"When some people are frightened about what the future has in store it is vital that we work at creating a compassionate community."
At Highland Hospice we aim to support people, their families and carers, living with an advancing, life shortening illness in the Highlands to live the best possible life and to prepare for and experience the best possible death. We offer inpatient care, day care and support for people living in the community. With the majority of our clinical and care services based on face to face interaction it was imperative we thoroughly reviewed how we could continue to deliver support to people in these challenging times. Each of our care services is continuing to be delivered in an adapted and tailored way depending on the needs of the people accessing that service.
Within our inpatient unit, staff quickly and effectively adapted practices to ensure safety for clients, family members, staff and volunteers. In addition, they are working with NHS professionals to determine how best we can support people requiring palliative and end of life support within care facilities in Highland.
In addition to providing direct support, at no other time has it been more essential to have the ability to communicate and share how best to manage services and care. Highland Hospice as a licenced ECHO (Extension for Community Healthcare Outcomes) ‘superhub’ have the resources necessary to offer practitioners a platform to share and discuss the challenges and the solutions to day to day problems facing them and their clients. The ability to share good practice quickly and effectively has been invaluable.
Although our day facilities closed, the team are fully engaged in activities and support sessions with their clients and it is heartening to hear how well people have responded to this kind of support. At present, in addition to providing telephone catch ups, the team are delivering group video calls which include sessions on topics such as exercise, mindfulness, healthy eating, quizzes and more. With such innovative working, some of the clients have increased contact due to the type of virtual resources that are available. The challenges that clients initially faced accessing virtual rather than face to face support should not be underestimated. However, staff have been delighted with the clients’ desire to stay connected and their level of creativity in working with staff to find solutions.
Highland Hospice provides community support throughout the Highlands and our Helping Hands befriending service has continued to actively support clients living at home. In Inverness and Ross-shire the service is directly managed by Hospice staff and delivered by Hospice volunteers whilst in other areas it is delivered in partnership with local community groups. In response to COVID-19, our Helping Hands service extended their support by partnering with Highland Home Carers. This has meant that in addition to telephone support we are also able to offer further support outside the home such as shopping, collection of medications and occasionally food preparation etc. within a client’s home if they require assistance.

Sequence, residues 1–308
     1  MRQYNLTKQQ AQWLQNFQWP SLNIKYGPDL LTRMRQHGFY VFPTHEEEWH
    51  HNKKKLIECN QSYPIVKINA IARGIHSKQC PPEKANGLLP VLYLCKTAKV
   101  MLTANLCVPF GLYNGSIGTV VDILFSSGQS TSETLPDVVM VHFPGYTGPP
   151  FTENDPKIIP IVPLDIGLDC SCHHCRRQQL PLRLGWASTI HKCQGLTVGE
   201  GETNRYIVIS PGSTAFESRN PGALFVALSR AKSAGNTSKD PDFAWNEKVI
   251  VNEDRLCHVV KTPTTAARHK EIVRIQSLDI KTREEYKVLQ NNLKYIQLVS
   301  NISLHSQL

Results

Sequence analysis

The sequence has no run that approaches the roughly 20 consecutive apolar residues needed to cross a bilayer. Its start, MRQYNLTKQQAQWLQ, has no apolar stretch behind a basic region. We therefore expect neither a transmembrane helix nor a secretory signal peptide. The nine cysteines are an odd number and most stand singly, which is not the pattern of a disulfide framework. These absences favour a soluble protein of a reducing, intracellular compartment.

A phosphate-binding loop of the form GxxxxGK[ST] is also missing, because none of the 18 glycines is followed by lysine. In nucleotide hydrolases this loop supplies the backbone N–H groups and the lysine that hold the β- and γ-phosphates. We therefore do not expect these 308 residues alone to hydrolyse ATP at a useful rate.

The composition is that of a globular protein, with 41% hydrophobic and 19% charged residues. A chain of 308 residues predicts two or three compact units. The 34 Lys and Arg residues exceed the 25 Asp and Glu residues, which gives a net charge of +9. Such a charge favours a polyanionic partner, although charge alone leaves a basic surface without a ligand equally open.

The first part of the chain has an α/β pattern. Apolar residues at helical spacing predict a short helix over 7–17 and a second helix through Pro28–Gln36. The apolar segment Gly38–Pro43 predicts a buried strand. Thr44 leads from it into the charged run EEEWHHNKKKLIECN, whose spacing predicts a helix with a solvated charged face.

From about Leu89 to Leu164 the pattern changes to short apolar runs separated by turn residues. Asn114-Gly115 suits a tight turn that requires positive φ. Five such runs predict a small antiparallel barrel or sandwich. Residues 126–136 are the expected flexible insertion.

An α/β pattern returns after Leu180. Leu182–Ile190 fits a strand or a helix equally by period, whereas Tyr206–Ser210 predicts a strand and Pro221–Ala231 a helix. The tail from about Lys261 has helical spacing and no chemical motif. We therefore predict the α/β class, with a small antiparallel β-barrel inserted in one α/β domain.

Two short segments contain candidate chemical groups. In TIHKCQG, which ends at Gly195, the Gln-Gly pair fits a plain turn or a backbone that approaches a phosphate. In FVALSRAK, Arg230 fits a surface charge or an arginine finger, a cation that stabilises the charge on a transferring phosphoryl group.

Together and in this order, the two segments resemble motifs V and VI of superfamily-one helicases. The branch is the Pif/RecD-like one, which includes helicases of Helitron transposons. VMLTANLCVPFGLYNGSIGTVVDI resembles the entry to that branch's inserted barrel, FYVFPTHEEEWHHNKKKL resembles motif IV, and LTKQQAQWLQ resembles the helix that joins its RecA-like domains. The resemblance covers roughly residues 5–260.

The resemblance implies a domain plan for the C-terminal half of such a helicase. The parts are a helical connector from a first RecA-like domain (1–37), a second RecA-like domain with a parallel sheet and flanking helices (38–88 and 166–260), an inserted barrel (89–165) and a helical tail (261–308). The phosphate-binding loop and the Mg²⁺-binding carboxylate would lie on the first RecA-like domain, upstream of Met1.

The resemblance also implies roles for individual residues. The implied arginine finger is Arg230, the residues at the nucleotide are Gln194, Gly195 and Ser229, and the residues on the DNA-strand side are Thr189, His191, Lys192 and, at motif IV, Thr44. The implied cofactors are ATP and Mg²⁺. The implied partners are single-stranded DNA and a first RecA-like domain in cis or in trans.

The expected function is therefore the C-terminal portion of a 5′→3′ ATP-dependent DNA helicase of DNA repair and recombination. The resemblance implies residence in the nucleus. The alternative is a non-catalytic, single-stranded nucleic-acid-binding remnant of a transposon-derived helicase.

We had an amazing response from people volunteering support within their communities, however the anticipated concern that there would be an immediate increase in requests for assistance has not materialised. There will be a number of factors contributing to this such as an increase in services available in response to the lockdown. We expect that as lockdown measures lessen and people return to more normal routines some people will once again find themselves to be isolated and feeling the detrimental effects of loneliness. We are working with our new volunteers in preparation to provide more befriending support should this happen.
One of the main challenges at this time has been continuing to have the financial resources available to support the wonderful and innovative work of our clinical and supportive services. A recent reforecast of the budget indicates a potential end of year loss in excess of £1m. Although the organisation has reserves to weather one year of such losses, if income was to stay depressed on a longer term we may have to consider how best to prioritise our expenditure.
Like the clinical and supportive services team, the fundraising and retail teams have adapted their activity and introduced innovative and engaging online opportunities to support the Hospice as well as responding quickly to the green light to reopen the shops. This bodes well for future income in an economy hit by COVID-19 and recession over the next few years.
Highland Hospice is committed to continuing to work with the NHS and other third sector organisations to provide resilient support to people living with a palliative diagnosis. At a time when some people are frightened about what the future has in store it is vital that we work at creating a compassionate community.